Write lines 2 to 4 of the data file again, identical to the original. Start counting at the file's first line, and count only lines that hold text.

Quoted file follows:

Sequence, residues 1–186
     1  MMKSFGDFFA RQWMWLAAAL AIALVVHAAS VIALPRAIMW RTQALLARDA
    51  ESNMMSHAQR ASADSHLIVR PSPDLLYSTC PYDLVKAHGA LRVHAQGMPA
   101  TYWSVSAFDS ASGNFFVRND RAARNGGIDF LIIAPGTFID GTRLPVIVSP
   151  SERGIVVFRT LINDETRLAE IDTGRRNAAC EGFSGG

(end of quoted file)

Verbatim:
     1  MMKSFGDFFA RQWMWLAAAL AIALVVHAAS VIALPRAIMW RTQALLARDA
    51  ESNMMSHAQR ASADSHLIVR PSPDLLYSTC PYDLVKAHGA LRVHAQGMPA
   101  TYWSVSAFDS ASGNFFVRND RAARNGGIDF LIIAPGTFID GTRLPVIVSP